Saturday, July 11, 2009

Old but Not Alone

Our friends worry about us. What are you going to do when you get old? Who’s going to take care of you?

Most us have some canned answers to these questions, usually staring with “With the money we’ve saved by not having kids, we can…

...afford in-home care” or

…stay at the Marriott Residence assisted living place” or

…buy some long-term health care insurance.”

Or stay at a Green House. I first heard about this new model of residential eldercare when my friend Linda gave me a copy of an article titled “Where to Live as We Age” written by Susan Fine for Parade magazine.

A Green House is the brainchild of geriatrician Dr. Bill Thomas who, with the help of a foundation and a non-profit organization, piloted this new type of residential living for the elderly. The Green House near Albany, NY shelters 12 “elders” and a multi-tasking staff who cook, clean, dispense medication, or organize activities such as dances and Nintendo Wii games.

The residents say the best thing about this model is the homey feel and intimacy and the fact that they can choose their meal times and live with their pets.

Sounds like a great place to be when it comes time…

Flickr Photo by Adwriter



Cave-Woman said...


I found your blog looking for information on how to plan health care for aging, child-free couples.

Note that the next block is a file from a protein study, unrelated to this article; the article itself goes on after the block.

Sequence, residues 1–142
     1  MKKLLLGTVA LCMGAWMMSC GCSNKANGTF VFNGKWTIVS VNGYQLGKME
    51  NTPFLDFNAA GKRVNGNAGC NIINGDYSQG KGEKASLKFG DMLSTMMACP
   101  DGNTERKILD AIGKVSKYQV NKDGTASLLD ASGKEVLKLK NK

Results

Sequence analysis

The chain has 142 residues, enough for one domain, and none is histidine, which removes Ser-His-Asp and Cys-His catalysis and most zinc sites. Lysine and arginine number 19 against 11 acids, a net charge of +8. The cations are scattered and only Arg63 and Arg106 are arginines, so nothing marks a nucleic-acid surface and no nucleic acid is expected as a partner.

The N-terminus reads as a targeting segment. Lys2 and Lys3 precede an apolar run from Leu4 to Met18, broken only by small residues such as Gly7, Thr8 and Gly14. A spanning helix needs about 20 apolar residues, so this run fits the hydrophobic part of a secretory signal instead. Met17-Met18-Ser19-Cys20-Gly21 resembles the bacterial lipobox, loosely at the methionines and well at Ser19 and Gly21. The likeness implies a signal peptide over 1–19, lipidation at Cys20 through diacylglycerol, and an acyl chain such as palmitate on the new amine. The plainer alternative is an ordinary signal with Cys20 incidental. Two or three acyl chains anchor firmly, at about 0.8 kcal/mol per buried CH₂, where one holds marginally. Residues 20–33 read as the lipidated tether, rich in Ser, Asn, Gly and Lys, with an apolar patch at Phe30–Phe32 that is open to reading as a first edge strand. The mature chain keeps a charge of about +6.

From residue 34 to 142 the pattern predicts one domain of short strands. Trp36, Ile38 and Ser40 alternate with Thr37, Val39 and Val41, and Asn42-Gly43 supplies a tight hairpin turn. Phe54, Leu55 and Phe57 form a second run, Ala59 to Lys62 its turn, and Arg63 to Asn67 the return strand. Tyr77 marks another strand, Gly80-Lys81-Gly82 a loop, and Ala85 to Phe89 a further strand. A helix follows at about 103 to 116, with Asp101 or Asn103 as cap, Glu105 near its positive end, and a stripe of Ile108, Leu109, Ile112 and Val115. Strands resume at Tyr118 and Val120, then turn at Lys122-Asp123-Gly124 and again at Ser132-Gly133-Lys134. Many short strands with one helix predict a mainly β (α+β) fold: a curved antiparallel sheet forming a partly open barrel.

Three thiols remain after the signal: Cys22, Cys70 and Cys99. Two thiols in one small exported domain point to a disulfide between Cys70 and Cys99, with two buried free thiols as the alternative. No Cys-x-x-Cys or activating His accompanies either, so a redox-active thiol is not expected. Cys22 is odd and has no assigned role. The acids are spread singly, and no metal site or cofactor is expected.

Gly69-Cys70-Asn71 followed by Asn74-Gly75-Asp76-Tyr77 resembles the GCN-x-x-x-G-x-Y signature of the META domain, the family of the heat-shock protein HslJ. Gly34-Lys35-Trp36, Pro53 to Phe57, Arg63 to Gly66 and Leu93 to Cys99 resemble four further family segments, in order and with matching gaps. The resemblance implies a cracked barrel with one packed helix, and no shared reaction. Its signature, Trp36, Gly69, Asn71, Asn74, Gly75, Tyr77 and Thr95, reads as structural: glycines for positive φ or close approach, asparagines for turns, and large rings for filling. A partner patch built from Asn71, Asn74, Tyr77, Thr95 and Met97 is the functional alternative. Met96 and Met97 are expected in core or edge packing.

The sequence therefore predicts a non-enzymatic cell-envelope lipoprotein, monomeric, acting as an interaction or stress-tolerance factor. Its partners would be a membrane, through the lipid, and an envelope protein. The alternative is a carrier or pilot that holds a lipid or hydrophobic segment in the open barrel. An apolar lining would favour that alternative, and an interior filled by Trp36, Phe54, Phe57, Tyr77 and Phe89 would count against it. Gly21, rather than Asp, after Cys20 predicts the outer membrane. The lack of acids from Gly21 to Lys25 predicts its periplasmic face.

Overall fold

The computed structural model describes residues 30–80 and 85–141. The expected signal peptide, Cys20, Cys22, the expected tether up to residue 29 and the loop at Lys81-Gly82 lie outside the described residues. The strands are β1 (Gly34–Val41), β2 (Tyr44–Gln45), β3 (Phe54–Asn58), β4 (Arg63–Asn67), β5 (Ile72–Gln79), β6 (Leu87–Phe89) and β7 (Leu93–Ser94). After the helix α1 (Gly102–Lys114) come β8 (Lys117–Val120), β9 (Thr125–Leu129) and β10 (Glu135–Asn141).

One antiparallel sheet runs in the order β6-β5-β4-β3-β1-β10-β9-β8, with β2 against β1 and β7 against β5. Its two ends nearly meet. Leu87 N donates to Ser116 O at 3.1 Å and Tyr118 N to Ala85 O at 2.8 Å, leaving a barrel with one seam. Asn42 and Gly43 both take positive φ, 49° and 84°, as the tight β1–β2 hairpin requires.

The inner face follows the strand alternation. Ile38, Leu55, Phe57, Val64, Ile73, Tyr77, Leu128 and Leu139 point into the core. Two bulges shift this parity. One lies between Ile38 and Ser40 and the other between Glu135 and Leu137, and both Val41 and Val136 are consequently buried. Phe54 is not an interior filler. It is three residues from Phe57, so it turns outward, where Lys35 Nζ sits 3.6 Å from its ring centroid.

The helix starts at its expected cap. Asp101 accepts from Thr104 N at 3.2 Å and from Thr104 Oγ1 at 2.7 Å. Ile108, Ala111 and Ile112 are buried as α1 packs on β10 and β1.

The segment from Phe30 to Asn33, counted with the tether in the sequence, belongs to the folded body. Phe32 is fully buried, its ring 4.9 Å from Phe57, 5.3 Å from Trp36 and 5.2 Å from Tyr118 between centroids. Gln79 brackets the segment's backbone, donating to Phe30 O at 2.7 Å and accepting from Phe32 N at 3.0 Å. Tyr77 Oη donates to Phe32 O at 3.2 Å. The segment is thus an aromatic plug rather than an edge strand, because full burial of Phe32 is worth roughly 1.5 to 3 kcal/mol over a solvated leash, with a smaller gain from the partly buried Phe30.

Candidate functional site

Honestly, the green housing idea is the only one I've seen on the internet that was remotely helpful.

Are you aware of any book/articles/ other resources that I should look at to plan our health care options?

My husband and I are very happy with our child-free choice---but recently having lost my mother due to a prolonged illness--it occurs to me how awful her last months would have been if family had not been involved. Her nursing home was great---but the additional care of family made a big difference in her day in/day-out comfort because we knew how to interpret her needs.

Truth be told, I'm a little scared to find out what the future would hold for myself aging, without family to rely on.

Any resources you can think of would be helpful.

Thank you!

nari swan said...

Thanks for the info, because after having to care for my aging, sick mother, I want to make sure I never do that to anyone else. This is one area where I believe parent(s) with children can be selfish, if we want to spread the selfish label around fairly. Assuming your kids will care for you in your later years is an awful thing to do to them. Even if I had kids, I'd still plan to take care of myself/husband in my golden years.

Laura Scott said...

Cave-Woman--I like the communal living/green model too. I also think it's also very important to have a will and living will that a assigns a trusted health-care proxy. This person doesn't have to a blood relative.
I wish there were more resources I could recommend. If anyone knows of a resource of this type, please comment here and give us a suggestion or link.